Abu Dhabi – MENA Herald: The United Arab Emirates is leaving no stone unturned in fighting human trafficking since the country enacted Federal Law 51 in 2006, the National Committee to Combat Human Trafficking (NCCHT) said.
According to the Annual Report 2015 compiled and released by the NCCHT, the UAE has made great inroads in containing the crime during the last decade. However, “the government will intensify its campaign with each passing year, with zero tolerance as its moto and in line with international standards,” the report added.
During 2015, the UAE registered 17 cases of human trafficking, involving 24 victims and resulting in the arrest of 54 traffickers. There were convictions in three cases, involving penalties ranging from 1 year to 5 years imprisonment, followed by deportation.
In comparison, 19 and 15 cases were registered in 2013 and 2014 respectively.
“The statistics suggest growing awareness about human trafficking among the public and intensifying counter-measures adopted by various official agencies, ministries and non-government organisations involved in tackling this crime,” said Dr Saeed Al Ghafli, Assistant Undersecretary, Ministry of State for Federal National Council Affairs, and Rapporteur of the National Committee to Combat Human Trafficking.
The report highlighted the significant steps taken in 2015 as part of the ‘5 Ps’ strategy – Prevention, Prosecution, Punishment, Protection and Promotion of International Cooperation. These include:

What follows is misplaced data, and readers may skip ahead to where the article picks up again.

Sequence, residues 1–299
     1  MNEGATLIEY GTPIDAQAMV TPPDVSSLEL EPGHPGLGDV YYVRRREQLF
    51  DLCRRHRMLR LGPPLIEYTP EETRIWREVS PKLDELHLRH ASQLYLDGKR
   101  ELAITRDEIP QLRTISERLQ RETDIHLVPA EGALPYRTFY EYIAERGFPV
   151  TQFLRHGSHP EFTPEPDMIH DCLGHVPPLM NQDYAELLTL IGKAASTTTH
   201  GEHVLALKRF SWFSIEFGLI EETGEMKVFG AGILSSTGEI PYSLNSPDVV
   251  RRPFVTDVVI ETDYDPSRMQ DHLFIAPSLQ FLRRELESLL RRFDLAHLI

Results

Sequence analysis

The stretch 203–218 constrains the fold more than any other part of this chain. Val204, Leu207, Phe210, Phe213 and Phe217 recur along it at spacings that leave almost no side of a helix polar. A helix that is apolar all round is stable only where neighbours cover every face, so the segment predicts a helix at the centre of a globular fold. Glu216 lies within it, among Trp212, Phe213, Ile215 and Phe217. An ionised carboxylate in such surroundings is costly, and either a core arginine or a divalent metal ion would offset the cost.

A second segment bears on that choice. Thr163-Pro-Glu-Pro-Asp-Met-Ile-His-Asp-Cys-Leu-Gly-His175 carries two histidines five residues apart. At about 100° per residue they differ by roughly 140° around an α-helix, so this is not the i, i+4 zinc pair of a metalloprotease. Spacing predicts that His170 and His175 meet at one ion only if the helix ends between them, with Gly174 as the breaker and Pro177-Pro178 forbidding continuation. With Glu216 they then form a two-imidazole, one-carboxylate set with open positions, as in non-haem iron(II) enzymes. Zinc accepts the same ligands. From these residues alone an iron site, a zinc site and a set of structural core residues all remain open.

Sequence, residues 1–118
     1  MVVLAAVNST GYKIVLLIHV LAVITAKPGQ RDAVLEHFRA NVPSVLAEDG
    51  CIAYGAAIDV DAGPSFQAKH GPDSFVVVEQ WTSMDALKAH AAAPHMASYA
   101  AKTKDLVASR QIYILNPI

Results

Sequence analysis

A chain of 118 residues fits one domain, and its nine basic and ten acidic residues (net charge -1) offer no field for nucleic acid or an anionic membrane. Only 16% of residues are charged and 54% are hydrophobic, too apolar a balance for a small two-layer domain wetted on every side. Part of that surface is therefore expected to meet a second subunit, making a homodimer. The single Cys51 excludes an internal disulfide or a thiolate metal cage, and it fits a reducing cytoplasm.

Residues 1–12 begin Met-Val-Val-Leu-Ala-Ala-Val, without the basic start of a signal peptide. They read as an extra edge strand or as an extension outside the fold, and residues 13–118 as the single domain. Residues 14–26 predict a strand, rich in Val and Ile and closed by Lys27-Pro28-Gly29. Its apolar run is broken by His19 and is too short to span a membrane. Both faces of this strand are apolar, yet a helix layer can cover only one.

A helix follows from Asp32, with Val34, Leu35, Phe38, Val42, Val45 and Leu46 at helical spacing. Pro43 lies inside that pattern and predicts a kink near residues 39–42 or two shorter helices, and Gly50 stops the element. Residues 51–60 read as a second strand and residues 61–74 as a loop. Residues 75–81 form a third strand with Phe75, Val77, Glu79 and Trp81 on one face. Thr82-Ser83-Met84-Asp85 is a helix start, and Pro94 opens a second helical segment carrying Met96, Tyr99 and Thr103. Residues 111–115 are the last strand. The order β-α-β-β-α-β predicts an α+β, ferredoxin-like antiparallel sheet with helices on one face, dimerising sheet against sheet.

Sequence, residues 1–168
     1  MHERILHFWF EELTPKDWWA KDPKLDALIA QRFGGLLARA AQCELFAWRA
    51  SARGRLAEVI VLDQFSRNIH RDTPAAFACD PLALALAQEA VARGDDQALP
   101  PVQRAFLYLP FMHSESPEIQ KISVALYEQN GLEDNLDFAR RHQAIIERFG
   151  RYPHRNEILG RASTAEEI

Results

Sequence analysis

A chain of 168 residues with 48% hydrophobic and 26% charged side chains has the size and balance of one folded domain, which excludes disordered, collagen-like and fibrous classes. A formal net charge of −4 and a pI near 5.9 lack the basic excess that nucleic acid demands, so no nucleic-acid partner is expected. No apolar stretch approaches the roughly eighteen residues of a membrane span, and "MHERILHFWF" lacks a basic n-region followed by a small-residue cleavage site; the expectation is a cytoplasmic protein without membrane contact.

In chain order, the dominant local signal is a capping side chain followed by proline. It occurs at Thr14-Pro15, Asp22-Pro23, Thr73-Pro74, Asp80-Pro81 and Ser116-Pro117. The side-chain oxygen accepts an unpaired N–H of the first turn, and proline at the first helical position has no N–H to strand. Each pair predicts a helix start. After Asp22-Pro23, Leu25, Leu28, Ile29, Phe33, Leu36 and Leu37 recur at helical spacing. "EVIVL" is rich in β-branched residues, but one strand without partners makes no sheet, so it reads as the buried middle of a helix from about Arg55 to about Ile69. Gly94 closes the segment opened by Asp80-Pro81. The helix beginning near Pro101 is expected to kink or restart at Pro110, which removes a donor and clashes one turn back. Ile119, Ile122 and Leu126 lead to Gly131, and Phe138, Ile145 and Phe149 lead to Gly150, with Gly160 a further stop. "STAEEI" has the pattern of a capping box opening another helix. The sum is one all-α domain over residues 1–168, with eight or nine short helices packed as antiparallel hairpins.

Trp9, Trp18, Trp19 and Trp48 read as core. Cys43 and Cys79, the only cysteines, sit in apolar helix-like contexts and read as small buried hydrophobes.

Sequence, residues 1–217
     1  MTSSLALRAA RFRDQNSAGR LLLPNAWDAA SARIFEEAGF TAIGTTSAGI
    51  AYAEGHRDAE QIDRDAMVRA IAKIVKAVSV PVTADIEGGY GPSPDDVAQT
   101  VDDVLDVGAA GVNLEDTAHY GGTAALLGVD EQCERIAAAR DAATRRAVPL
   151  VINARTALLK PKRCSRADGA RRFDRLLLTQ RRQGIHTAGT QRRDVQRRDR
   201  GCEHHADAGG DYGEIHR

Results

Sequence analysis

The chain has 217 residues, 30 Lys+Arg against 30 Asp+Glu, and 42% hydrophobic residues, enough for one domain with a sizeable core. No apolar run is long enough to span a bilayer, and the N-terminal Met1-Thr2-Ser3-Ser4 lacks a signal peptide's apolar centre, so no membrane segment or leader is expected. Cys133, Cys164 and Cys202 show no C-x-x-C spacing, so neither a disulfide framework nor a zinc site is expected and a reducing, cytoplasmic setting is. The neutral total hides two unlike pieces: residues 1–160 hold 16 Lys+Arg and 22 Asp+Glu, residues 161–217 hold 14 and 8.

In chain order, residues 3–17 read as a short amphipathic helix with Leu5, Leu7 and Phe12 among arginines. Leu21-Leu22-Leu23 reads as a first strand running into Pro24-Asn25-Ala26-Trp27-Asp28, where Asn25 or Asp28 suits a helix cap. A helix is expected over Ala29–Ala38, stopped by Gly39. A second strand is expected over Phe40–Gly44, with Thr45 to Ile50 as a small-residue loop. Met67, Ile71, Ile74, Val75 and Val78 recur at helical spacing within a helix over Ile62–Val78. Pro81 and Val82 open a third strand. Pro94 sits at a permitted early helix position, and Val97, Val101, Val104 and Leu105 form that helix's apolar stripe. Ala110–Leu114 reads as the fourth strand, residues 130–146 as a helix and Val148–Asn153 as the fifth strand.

starting a two-year awareness campaign for recruitment companies recruiting domestic workers to highlight the dangers of human trafficking for sexual exploitation;
starting an anti-human trafficking diploma course, which is a first of its kind in the Arab world, and aimed at improving the skills of law enforcement officials dealing with this crime;
disbursing nearly 300,000 dirhams from the Fund for Victims, which is a public-private partnership;
signing a MoU with Indonesia;
launching a revamped website which allows people to complain and offer suggestions; and
participating in several regional and international efforts to counter this crime; and
finally, launching the country’s biggest multi-lingual media campaign to create general awareness about human trafficking and simple ways to combat it. A number of mediums were chosen to convey various messages to different sections of the people residing in the country. For example,
newspaper advertisements in English and Arabic were aimed at the general public, as were hoardings at airports;
radio spots in English, Arabic, Hindi and Tagalog were aimed at prospective victims and traffickers, apart from the public in general;
pocket-size booklets, distributed at airports, were in eight languages — English, Arabic, Hindi, Urdu, Tagalog, Bengali, Russian and Basha Indonesia — and were meant to support prospective victims.
Elaborating the anti-human trafficking strategy, Dr Al Ghafli, said: “The UAE firmly stands against the exploitation of human beings. The resolve to fight trafficking at home and abroad in collaboration with international partners remains central to the country’s anti-trafficking strategy.”
The full report can be viewed or downloaded from nccht.gov.ae.